Page 42: of Marine News Magazine (July 2015)

Propulsion Technology

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Inland Navigation:

Strength and Loading Issues ith roads becoming ever more congested and expensive cargo. Recently, BMT was consulted in a num- pollution a major issue, transporting large or ber of cases/casualties involving the breaking and subse-

W bulky items of cargo by barge is now a viable quent salvage of inland navigation barges. As part of the option in Europe. However, a spate of casualties during the background research it became clear that dramatic barge last few years raised concerns about the ? tness for purpose failures – at least in Europe – are still a regular occurrence.

of some inland navigation barges. In response, BMT Sur- veys has been tasked with investigating incidents related to Casualties structural failure of inland barges. These effort led to de? ni- The incidents in question all occurred during loading op- tive conclusions about the root causes of these problems. erations. On one occasion, a 280 ton transformer was low- ered straight onto a barge amidships and as the load came

Across the Pond off the crane and onto the barge, the vessel just folded up

The extent and variety of ships using the world’s major underneath. In another example, the push barge ‘Thor’ sud- rivers is vast. For example, the Rhine is Europe’s busiest denly collapsed and sank ten minutes after leaving its berth inland waterway, with an estimated 7,000 vessels using with a cargo of steel plate. Since old barges were involved, the river, representing a capacity of over 10 million tons. questions immediately arose about the cause of the incident.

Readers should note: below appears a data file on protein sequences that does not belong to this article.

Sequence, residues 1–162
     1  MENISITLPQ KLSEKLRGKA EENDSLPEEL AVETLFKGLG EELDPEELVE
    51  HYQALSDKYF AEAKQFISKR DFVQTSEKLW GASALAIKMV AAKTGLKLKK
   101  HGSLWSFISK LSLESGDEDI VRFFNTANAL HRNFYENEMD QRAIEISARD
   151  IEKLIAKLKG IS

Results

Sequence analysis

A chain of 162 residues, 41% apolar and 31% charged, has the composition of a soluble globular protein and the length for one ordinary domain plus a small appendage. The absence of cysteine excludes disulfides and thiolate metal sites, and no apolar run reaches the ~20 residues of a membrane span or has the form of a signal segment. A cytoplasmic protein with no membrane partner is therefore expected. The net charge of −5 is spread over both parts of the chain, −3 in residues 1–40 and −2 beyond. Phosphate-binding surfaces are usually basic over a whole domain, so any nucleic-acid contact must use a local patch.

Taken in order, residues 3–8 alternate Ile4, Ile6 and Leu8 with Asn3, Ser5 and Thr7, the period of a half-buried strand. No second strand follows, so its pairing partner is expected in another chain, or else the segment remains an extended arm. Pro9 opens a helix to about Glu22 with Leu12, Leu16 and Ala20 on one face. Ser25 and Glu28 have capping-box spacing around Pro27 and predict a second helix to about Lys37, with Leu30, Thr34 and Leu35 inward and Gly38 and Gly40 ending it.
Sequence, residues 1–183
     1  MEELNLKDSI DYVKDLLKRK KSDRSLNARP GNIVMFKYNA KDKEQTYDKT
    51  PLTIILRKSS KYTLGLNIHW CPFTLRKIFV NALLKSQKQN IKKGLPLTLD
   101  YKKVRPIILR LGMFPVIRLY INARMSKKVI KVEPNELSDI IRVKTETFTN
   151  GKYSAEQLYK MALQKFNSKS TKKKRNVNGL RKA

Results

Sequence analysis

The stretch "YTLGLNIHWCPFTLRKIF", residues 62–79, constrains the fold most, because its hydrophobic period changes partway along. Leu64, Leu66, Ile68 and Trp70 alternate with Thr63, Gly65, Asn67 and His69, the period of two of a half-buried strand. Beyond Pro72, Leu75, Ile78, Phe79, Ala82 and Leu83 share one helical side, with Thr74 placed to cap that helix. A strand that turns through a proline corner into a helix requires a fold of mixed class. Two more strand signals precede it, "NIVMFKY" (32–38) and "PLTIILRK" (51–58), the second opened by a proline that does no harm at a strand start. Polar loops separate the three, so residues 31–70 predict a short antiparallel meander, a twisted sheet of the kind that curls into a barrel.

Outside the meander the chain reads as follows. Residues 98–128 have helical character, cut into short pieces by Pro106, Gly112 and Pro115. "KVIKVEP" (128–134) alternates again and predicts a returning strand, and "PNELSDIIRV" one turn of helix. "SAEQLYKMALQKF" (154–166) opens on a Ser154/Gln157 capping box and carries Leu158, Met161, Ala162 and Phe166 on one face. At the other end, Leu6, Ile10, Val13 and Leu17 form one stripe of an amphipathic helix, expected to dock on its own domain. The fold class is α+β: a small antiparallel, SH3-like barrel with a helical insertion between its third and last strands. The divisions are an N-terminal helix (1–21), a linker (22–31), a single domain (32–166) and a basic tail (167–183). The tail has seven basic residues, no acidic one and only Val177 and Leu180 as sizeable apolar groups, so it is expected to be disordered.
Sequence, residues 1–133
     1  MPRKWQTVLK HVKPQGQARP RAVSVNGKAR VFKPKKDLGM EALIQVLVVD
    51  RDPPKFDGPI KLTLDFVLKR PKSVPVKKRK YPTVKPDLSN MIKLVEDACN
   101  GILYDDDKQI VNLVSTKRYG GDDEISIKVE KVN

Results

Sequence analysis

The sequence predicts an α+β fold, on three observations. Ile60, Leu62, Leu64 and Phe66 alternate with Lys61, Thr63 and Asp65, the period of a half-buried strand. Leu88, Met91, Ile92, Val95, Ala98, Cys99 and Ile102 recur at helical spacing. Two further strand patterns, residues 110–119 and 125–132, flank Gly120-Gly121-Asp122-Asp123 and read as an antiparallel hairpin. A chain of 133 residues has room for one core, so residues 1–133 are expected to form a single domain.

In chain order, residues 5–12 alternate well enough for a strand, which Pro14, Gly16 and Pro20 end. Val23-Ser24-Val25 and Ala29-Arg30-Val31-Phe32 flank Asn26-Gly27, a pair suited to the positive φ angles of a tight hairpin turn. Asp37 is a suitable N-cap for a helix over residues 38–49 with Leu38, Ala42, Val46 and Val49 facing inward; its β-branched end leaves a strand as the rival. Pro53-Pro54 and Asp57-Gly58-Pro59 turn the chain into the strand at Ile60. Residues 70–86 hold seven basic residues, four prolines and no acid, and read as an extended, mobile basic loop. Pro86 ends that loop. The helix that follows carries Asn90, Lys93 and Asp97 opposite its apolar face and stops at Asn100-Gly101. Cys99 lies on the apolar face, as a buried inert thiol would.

This includes 4,500 motor cargo vessels, 1,300 tankers, And, because of the nature of brown water shipping (fresh 1,200 pushed barges and tugs and hundreds of passenger water), it is not unusual to ? nd working barges that are 30 or ferries. Some 600 vessels cross the Dutch/German border 40 years old and still ? t for purpose. Did the barge give way daily, carrying over 200 million tons of cargo annually. A due to poor construction, or was the collapse caused by faulty signi? cant part of this cargo has originated or has been loading or something else? Some older barges may indeed transshipped from the port of Rotterdam, where 133,000 suffer from degraded sections in their construction but after inland vessels called last year. By using the Rhine-Maine- making ultrasonic measurements, BMT’s surveyors generally

Danube-Black Sea Canal, cargoes from Central and North- found the steel to be within acceptable limits. As intrinsic de- ern Europe can be transported directly to the Black Sea. sign issues and structural failure were ruled out, BMT’s sur-

With a growing tendency in Europe to use inland barges veyors shifted their attention to how the vessels were loaded. for transporting many different types of cargo including In these kinds of incidents, reconstruction of the loading bulky, heavy, expensive items such as transformers or other procedures is important as these represent the last actions industrial machinery, there is also a considerable increase prior to the barge’s collapse. Reconstruction can be based in risk. If the barge is lost for any reason, the insurers’ li- on witness statements, available photographs, videos from ability will extend beyond the value of the barge and the security cams, diving inspections before salvage, etc. Sub- cost the salvage operation, to include some potentially very sequently, strength calculations of the still water bending

July 2015 42 MN

Marine News

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